“Men’s and women’s romantic unhappiness contains, stages, and enacts the conundrums of the modern freedom and capacity to exercise choice.” – Eva Illouz

Eva Illouz - Why Love Hurts cover

Few of us are spared the agonies of intimate relationships. They come in many shapes: loving a man or a woman who will not commit to us, being heartbroken when we’re abandoned by a lover, engaging in Sisyphean internet searches, coming back lonely from bars, parties, or blind dates, feeling bored in a relationship that is so much less than we had envisaged – these are only some of the ways in which the search for love is a difficult and often painful experience.

Despite the widespread and almost collective character of these experiences, our culture insists they are the result of faulty or insufficiently mature psyches. For many, the Freudian idea that the family designs the pattern of an individual’s erotic career has been the main explanation for why and how we fail to find or sustain love. Psychoanalysis and popular psychology have succeeded spectacularly in convincing us that individuals bear responsibility for the misery of their romantic and erotic lives. The purpose of this book is to change our way of thinking about what is wrong in modern relationships. The problem is not dysfunctional childhoods or insufficiently self-aware psyches, but rather the institutional forces shaping how we love.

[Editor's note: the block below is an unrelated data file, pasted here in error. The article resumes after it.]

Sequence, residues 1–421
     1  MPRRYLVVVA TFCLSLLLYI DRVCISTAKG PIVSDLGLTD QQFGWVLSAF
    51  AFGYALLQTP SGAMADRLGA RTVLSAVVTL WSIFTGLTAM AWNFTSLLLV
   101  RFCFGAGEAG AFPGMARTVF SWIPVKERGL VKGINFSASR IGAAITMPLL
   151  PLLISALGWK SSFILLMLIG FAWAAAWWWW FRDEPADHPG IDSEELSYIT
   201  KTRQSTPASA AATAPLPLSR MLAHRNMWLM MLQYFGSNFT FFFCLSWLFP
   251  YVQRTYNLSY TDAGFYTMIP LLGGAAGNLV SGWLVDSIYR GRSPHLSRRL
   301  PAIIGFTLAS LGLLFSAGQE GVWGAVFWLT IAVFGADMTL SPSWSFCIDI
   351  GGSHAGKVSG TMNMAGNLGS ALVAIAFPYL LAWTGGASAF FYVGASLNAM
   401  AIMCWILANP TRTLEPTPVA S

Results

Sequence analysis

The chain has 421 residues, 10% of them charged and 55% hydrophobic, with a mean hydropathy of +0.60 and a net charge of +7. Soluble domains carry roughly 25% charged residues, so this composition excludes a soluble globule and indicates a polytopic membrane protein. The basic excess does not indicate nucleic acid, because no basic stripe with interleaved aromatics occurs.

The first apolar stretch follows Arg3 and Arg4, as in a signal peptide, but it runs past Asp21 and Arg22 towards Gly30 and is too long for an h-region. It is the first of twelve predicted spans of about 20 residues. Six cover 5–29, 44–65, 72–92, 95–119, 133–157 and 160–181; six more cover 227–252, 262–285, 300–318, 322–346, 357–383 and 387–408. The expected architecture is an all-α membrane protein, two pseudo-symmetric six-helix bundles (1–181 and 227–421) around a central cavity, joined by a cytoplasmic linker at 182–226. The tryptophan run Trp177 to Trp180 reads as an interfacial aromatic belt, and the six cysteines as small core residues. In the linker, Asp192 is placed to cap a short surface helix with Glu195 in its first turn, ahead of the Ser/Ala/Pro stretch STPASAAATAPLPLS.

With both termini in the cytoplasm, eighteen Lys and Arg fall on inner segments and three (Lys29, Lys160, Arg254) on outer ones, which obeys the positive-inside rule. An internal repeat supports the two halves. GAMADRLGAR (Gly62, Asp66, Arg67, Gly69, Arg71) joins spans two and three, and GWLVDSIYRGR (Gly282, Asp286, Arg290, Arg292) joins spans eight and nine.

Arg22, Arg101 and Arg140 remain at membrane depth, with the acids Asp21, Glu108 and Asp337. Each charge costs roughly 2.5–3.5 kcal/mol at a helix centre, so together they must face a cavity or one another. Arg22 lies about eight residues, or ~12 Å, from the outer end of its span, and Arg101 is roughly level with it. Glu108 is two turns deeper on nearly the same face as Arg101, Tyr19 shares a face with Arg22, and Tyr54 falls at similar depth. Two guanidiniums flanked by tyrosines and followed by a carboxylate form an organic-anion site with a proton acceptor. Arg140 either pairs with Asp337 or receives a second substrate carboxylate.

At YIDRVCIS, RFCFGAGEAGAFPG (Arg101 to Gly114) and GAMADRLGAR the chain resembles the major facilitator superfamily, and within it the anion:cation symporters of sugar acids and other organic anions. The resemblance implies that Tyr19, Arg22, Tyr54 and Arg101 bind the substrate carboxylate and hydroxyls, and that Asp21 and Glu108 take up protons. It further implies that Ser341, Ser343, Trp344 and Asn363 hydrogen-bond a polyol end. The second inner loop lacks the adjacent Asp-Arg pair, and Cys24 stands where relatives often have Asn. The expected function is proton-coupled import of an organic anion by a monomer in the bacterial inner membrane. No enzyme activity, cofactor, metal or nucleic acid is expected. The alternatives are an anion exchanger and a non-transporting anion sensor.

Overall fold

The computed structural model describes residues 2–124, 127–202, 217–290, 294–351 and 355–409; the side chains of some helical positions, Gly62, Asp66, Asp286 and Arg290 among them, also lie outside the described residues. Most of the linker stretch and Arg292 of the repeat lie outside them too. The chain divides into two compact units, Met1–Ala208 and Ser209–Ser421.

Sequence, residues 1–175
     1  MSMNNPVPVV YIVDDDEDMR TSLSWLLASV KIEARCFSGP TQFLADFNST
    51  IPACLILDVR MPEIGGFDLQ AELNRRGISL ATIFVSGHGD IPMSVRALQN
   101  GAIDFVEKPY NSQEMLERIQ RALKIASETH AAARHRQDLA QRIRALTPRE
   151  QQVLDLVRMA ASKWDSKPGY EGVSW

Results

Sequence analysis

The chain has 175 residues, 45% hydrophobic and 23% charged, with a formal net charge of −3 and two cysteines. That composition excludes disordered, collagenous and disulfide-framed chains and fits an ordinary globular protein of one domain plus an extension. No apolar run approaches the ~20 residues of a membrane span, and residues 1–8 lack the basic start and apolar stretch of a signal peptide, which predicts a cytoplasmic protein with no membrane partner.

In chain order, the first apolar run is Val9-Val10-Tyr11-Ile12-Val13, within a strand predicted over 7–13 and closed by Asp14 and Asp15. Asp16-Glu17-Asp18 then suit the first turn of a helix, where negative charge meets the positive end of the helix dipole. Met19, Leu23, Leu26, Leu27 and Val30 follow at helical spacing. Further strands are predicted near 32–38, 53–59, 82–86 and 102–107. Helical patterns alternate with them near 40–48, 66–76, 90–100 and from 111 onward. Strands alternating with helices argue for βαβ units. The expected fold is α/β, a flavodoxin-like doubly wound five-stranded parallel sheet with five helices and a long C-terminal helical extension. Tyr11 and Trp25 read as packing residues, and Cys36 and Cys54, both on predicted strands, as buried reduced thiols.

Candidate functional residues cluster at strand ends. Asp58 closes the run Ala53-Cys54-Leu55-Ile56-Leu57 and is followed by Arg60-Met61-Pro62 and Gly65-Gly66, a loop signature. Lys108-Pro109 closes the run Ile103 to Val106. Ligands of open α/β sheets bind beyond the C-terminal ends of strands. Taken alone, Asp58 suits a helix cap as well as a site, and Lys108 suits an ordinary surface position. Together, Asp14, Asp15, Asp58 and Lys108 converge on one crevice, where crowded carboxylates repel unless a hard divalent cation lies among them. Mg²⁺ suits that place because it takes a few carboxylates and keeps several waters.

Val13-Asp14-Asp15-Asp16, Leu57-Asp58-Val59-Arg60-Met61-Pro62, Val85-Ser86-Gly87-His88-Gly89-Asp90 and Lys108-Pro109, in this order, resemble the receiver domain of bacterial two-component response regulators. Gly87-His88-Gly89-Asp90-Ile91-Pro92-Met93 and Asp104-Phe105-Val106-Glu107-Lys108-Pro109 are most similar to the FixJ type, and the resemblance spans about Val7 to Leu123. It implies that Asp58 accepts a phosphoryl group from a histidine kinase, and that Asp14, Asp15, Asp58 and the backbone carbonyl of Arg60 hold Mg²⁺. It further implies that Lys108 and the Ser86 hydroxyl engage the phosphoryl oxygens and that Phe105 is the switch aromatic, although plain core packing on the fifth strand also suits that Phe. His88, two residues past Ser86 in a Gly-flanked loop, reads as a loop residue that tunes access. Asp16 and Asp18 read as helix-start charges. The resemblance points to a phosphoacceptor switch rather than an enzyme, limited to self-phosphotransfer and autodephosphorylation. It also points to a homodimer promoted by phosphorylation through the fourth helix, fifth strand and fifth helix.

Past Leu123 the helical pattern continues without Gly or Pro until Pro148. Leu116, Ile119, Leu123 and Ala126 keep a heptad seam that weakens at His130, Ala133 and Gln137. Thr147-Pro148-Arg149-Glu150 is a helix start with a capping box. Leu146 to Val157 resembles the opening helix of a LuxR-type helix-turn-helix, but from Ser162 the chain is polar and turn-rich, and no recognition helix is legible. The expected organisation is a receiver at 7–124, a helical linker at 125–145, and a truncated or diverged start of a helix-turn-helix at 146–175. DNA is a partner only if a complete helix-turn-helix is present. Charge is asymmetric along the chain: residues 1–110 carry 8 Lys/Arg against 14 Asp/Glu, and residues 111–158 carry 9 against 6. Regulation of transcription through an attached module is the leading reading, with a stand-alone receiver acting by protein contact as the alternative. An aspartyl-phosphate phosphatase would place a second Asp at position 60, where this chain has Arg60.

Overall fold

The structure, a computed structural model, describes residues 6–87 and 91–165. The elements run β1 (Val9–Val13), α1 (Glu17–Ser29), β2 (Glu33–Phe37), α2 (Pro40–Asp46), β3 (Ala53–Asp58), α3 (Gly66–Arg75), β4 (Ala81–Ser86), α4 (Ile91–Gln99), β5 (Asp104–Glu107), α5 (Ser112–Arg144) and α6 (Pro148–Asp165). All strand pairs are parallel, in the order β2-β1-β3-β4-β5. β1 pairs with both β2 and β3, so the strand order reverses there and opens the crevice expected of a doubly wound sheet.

The argument of this book is that the modern romantic experience is shaped by a fundamental transformation in the ecology and architecture of romantic choice. The samples from which men and women choose a partner, the modes of evaluating prospective partners, the very importance of choice and autonomy and what people imagine to be the spectrum of their choices: all these aspects of choice have transformed the very core of the will, how we want a partner, the sense of worth bestowed by relationships, and the organization of desire.

George Miller interviewed Eva Illouz when she visited London this spring. To listen to the complete interview, click here. And to listen to extracts, click on the links below. At the bottom of this post, you will also find a video interview with Eva with additional content.